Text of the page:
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A Road Trip Is An Unexpected Journey

There is something truly glorious about a road trip with girlfriends.

Road trips are far more exciting and adventurous than a typical vacation. Vacations are usually meticulously planned out in advance by at least one person in the group. In our family, that would be my husband. He orders travel guides, makes reservations months in advance, researches everything there is to do, and plans out activities. The very act of planning brings just as much joy to him as going on a trip. However, with a vacation, generally, there’s no room for showing up late or taking detours. One rises early and sets their sites on the destination, eager to get from point A to point B in the least amount of time with the least amount of trouble.

On the opposite end of the spectrum, a road trip is not a proper road trip if there is any planning. Impossible. The very purpose of a road trip is to explore. To throw away expectations or plans and travel with eyes wide open and radar up for any opportunities or points of interest. In a road trip one soaks in every landmark, cloud formation, and point of interest sign on the side of the road and you’re never quite sure where you’ll spend the night. If you have a destination, you don’t fret over what day or time you arrive – you get there when you get there.

A road trip is an unexpected journey.

SEASIDE, FL ROAD TRIP

There’s something truly glorious about a road trip with girlfriends. Back in my mid-20s, my best friend and I decided to do a road trip from Arkansas to Florida. The destination: Seaside. A mutual friend visited the town earlier in the year and shared how amazing it was. So, we invited another friend, took a few days off of work, and loaded up her 1987 silver Toyota Corolla for a road trip to discover the Florida town. Our goal was to find a place to stay in Seaside, but we decided to leave that detail for when we arrived in the panhandle. The only plans? We liked good food so we packed a cooler full of our favorite foods, wine, and extra pots and pans. Also, we would camp instead of getting a hotel as we were three broke, single ladies. But camping sounded more adventurous anyway. Yet, as we were already fond of fancy picnics under random trees, on friend’s sailboats, or in our backyards, we knew we would take camping to the next level – long before we ever heard the word, glamping.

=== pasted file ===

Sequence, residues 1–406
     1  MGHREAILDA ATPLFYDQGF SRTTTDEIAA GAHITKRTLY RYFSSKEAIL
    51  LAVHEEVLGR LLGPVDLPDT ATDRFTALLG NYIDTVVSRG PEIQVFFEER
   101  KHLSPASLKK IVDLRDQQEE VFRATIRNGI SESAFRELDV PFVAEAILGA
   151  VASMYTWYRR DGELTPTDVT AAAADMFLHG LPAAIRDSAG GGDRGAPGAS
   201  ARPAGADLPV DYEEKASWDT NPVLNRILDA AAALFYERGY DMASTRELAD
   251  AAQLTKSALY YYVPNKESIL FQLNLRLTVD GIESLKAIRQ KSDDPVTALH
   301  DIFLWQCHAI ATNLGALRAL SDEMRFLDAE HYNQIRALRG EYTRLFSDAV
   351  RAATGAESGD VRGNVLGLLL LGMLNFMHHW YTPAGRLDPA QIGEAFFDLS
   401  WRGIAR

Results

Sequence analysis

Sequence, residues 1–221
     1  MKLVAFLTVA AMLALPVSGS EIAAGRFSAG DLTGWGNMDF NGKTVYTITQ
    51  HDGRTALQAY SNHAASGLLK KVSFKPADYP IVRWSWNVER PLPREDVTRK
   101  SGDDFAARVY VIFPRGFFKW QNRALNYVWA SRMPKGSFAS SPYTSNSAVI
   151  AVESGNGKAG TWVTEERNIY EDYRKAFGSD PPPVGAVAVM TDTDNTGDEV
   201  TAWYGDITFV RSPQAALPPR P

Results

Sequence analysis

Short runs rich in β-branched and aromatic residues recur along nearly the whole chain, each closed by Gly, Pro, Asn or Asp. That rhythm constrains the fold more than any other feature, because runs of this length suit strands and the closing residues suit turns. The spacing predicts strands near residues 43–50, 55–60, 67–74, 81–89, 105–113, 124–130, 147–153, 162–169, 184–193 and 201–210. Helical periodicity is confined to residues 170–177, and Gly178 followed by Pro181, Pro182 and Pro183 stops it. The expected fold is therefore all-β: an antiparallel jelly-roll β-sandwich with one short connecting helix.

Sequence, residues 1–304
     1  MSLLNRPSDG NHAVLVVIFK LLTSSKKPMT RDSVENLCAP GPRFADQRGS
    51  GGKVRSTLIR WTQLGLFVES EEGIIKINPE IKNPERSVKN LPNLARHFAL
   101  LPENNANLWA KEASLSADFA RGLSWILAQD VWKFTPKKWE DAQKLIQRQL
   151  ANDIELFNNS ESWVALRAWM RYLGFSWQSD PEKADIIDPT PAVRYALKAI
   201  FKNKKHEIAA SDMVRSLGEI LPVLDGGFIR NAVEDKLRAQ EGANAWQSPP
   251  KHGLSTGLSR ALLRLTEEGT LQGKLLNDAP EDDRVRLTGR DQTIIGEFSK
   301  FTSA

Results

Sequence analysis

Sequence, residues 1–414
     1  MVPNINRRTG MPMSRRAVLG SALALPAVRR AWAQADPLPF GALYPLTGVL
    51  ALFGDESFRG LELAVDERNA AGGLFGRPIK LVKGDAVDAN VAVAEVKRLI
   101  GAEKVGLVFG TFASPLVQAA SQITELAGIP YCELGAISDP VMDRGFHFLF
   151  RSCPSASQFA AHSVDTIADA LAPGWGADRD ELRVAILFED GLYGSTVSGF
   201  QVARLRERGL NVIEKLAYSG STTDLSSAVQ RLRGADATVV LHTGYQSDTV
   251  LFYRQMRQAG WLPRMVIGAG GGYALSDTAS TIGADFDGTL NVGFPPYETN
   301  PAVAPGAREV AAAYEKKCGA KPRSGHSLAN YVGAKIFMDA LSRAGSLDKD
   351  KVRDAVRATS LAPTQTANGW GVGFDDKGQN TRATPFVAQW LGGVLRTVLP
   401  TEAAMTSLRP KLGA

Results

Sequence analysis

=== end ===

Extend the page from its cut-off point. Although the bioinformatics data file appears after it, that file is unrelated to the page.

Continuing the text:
Also in the car: vintage table cloths, proper plates (no paper allowed), candles, a lantern, watercolor paints, books, dresses, and swimsuits. Once all was packed, we tied three bikes to the back of her car and took off. It was all very spontaneous.

We drove slowly and talked long. Arriving in Destin, we stopped and walked around, asking about good places to camp close to Seaside. We scoped out potential places for a night of dancing or dinner. Someone mentioned Grayton Beach for camping. Pulling out our map (these were the days before GPS and mobile phones), we found a little dot indicating where the beach was. It took us much longer than expected to find and it felt like we were in the middle of nowhere (I understand that these days, Grayton Beach is quite different?). Once we arrived, we inquired of the gate guard if there might be a spot available for us.

Sure enough, he happened to have a tent camping spot right on the beach. We were delighted! While there was a low sand bar with tufts of tall grass and small pools of water between us and the fine white sand that touched the crystal blue waters of the gulf, it was as close to the water as one would want to be for sleeping. As we set up camp, we noticed spots of trampled grass – as if it something had bedded down there. Then we saw the sign…

WARNING: watch for Alligators!

As three girls in their twenties who really had no idea what we were doing and this being quite a new experience for us, this sign was a bit unsettling; each one imagining that a giant alligator was bedding down at night right where we were going to be camping for the week.